Sometimes, developers add features to an application not necessarily to improve performance but rather to remove clutter. By doing so, they improve the user experience and make the tool more pleasant to work with.
One thing that has always bugged me about some browsers is how extensions are accessed and displayed on the toolbar. Pin too many extensions to the interface and it can get very cluttered.
Pin too few extensions to the toolbar and you might find them a challenge to access.
I've experienced both situations and neither is ideal for an efficient workflow or a clean interface.
So, when Mozilla announced the Unified Extensions button for Firefox 109, I was, sight unseen, all in.
The more extensions you add, the more cluttered the interface. With the Unified Extensions button, you install an extension and it automatically appears in the drop-down. It's automatically clean and easy to use.
That's pretty much the gist of the Unified Extensions button.
What else is new with Firefox 109?
The Unified Extensions button isn't the only new feature to Firefox 109. The release also includes the following features and updates.
The new Unified Extensions button was made possible by another bit of newness to the browser, which is Manifest Version 3 (MV3). MV3 gives users persistent control over what add-ons can access what web pages. According to Mozilla: "Users are free to grant ongoing access to a website or make a choice per visit. To enable this, MV3 treats host permissions (listed in the extension manifest) as opt-in."
For those who don't know, MV3 was developed by Google to restrict the capabilities of web extensions, especially those designed to monitor, modify, and compute the exchange of information between a web browser and a website. Back in 2019, it was reported that developers were concerned that add blockers would no longer work.
Some assumed this was Google's attempt to get around ad blockers, given the company's reliance on advertisements. And several developers of ad blocker extensions proclaimed the deprecation of a specific API would amount to serious problems for ad blockers, antivirus products, parental control enforcement, and privacy-enhancing extensions.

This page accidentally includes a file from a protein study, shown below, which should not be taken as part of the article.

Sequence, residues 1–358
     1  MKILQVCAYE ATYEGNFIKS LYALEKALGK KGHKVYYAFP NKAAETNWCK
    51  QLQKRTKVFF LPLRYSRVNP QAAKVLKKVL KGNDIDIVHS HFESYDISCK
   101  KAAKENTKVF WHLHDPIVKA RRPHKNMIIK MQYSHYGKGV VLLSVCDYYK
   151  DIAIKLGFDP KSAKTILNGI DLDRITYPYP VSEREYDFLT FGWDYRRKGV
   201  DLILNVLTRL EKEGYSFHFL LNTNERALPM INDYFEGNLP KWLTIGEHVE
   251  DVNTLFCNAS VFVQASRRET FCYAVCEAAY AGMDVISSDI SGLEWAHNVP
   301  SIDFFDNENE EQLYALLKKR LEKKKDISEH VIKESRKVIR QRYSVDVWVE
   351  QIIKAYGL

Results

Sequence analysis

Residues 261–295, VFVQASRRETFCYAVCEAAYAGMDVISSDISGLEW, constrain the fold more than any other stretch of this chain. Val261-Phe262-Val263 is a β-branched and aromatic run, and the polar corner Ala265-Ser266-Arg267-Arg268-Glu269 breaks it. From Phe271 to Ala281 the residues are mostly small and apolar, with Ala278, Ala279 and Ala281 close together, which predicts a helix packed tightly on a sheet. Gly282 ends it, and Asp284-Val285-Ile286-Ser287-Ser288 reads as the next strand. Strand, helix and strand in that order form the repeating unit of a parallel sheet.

None of those fears really came to fruition, and even though MV3 has been implemented, the ad blockers and other software and extensions are still working fine.
Back to the new features…
Firefox 109 now includes a built-in dictionary for Spanish from Span (es-ES) as well as Spanish from Argentina (es-AR), which can be used in conjunction with the Firefox spellchecker.
Other improvements and additions include:
Improved accessibility for those who use the screen reader feature.
Improved Firefox View that allows for the closing and removal of links from the Recently Closed list.
Allows for the enabling of the scrollend event.
Permanently partitions Storage in third-party contexts isolated from Storage Access for better compatibility.
Arbitrary Code Guard exploit protection has been enabled for media playback to improve security for Windows users.
The native HTML date picker for date and datetime inputs can be used with the keyboard alone.
On MacOS, Ctrl or Cmd + trackpad or mouse wheel scrolls the page instead of zooming.
How to get Firefox 109
To get Firefox 109, you'll need to download it for your operating system from the official Firefox download page. If you're a Linux user, you can either use Firefox Nightly, run Firefox from the source, or wait until the new version hits your distribution's standard repository.
I run Firefox Nightly, which is currently on version 110 and gives me a peek at the latest features that may or may not hit the stable version soon. For MacOS and Windows users, the update should be downloaded automatically.
You can check the About Firefox window to see which version you're running. Eventually, however, those two platforms will automatically upgrade Firefox to the latest version.